COVID 19 and My Child’s Education: What Can I Do? Part 3 – Math Learning
Math. Does it create angst for you or for your child? We know it’s essential, but a lot of us have some baggage when it comes to this subject. Maybe we struggled with it in school, or maybe our kids have a hard time and we’re worried they’ll fall behind; however, we all know how important math is to our child’s education!
When it comes to COVID and being in and out of school – here are my top tips if you want to try and build math skills and confidence at home:
- Play lots of games
Why math games? Well, so many math skills can be taught through game. Playing games also makes math learning enjoyable and fun – who doesn’t want to play a game? And when a child is enjoying the game, they tend to get more practice, which helps build skills, pleasure associated with the subject and confidence! It also takes away the fear, angst and frustration that can come with getting the “wrong answer.” Game play allows children to “play math” in a safe, stress-free environment.
When it comes to early math, we want to make sure that our child has a strong handle on operations. Games as simple as Candy Land and Chutes and Ladders with toddlers can help with early counting. I personally LOVE the game Sum Swamp for early learners as it helps to build a strong foundation in addition. We also love Money Bags for teaching early money learning; all games by Melon Rind strengthening addition; and we love Dino Math Tracks for teaching early place value (Money Bags, Sum Swamp and Dino Math Tracks all of which will soon be restocked in the shop ?).
Any early game that uses a die or set of dice helps children to practice counting, one-to-one correspondence, and subitizing (recognizing small amounts of numbers without counting them.) A deck of cards is also an excellent tool for math learning – there are so many math games you can play with a deck of cards to build skills and have fun playing math!
A favorite resource of mine are a series of books by Denise Gaskins called “Math You Can Play.”
They are a GOLD MINE of games to play with kids to make math learning fun and enjoyable! Most just require a deck of cards or some dice!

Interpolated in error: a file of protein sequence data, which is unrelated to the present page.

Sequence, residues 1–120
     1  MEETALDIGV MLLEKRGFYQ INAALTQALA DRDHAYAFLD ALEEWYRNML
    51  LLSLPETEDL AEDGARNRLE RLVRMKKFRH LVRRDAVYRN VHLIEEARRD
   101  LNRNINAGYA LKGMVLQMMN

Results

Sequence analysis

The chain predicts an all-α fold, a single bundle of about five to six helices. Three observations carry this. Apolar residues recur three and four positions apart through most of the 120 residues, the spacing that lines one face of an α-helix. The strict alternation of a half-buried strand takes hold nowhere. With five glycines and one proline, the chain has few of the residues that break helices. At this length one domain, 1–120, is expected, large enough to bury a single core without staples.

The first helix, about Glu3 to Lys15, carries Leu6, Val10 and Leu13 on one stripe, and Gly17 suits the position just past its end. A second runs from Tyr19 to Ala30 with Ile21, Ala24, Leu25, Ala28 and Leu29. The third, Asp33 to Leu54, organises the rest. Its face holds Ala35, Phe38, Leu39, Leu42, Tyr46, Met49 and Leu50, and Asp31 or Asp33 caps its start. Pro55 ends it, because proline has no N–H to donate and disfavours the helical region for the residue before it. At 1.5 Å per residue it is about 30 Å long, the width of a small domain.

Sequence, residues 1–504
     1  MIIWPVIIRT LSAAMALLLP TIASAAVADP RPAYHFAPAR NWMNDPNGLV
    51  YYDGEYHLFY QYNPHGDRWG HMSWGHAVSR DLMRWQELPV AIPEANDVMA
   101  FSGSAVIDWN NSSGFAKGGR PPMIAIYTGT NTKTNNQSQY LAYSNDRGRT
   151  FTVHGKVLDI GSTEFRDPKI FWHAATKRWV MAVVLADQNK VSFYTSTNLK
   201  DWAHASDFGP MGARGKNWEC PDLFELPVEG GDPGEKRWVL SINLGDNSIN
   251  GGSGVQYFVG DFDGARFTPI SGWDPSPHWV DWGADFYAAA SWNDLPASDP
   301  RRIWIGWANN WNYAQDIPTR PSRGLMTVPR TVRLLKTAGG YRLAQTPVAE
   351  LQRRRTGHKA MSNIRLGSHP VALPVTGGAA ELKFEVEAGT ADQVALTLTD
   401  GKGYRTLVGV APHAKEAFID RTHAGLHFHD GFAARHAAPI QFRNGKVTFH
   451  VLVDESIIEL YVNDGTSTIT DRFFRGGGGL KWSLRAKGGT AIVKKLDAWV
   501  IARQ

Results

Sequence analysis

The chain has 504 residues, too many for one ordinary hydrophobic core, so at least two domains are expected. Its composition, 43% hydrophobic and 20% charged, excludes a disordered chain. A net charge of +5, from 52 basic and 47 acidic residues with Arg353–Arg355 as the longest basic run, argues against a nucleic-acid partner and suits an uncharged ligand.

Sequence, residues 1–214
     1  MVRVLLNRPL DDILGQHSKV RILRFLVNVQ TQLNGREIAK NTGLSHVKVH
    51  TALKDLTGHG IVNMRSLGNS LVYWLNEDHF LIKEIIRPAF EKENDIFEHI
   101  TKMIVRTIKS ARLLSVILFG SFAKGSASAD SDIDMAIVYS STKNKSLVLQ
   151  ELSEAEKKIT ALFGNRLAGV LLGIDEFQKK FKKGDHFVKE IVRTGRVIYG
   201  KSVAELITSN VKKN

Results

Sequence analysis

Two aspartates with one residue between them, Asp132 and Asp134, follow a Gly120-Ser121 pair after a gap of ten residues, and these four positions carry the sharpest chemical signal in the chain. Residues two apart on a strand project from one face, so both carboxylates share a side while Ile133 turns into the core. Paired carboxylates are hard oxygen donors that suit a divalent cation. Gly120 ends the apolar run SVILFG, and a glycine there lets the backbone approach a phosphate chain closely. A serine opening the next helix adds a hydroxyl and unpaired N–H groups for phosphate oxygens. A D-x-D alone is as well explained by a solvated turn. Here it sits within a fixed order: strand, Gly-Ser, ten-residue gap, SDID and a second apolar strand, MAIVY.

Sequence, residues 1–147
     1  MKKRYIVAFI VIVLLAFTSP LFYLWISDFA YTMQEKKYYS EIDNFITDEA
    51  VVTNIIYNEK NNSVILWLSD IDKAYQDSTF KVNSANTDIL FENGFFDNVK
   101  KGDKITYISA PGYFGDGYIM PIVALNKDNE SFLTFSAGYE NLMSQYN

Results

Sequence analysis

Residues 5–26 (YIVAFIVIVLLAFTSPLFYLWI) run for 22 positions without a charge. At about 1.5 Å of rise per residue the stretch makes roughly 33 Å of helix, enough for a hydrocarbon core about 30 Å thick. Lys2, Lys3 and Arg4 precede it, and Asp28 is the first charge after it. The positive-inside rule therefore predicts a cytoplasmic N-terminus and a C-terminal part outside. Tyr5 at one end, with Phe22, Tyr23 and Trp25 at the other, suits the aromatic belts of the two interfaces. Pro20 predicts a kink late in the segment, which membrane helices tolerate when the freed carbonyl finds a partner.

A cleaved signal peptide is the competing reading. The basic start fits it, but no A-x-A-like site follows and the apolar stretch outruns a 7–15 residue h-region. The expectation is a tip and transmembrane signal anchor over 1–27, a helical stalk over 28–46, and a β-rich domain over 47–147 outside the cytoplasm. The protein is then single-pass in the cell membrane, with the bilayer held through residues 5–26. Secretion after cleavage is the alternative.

She has books on the following topics:
- Counting and Number Bonds
- Addition and Subtraction
- Multiplication and Fractions
- Pre-Algebra and Geometry
Most of her books are available in hard copy off of Amazon or in Kindle so you can download and play ASAP!
This year in our homeschool, I’ve also been loving the books by Kate Snow:
- Preschool Math at Home
- Addition Facts that Stick
- Subtraction Facts that Stick
- Multiplication Facts that Stick
- Division Facts that Stick
She also has a game-based approach and the books include some worksheets for practice. The books include game boards so there’s no prep involved – literally open the book, follow the lessons and play!
Personally, I think these are great resources if you’re working on strengthening a particular skill at home.
And of course, I do my best to keep our shop stocked with fun math games for the kids: Click here to see our current math games!
- Use hands-on manipulatives for early learners
Math learning can be very abstract for young learners who are still thinking in a concrete way. Using manipulatives allows children to think through their work in hands-on way and to problem solve and increases understanding.
The following tools can be helpful in encouraging a strong understanding of mathematical concepts:
- A Ten Frame
- Linking Cubes
- Base 10 Blocks
- Counters of any sort (bowtie pasta or dry macaroni, stones, coins, etc)
- Pattern Blocks
If you have an early learner, encourage your child to use these manipulatives to help them demonstrate their understanding and work out solutions to problems.
- Approach math through different methods – don’t just kill kids with worksheets
Look at math through a different lens so your child can see the benefits of math and real world applications. Here are some practical ideas:
- Read picture books about math (a simple Google search or Pinterest search will bring up loads of ideas and our local library has some great ones)
- Read books about mathematicians who solved real world problems using math
- Do some real world math projects with your child. Here are some ideas!
- Go on a grocery store field trip to see if your child can create a meal on a budget of $40 for your family.
- Graph Halloween candy hauls
- Bake a favorite recipe but double it!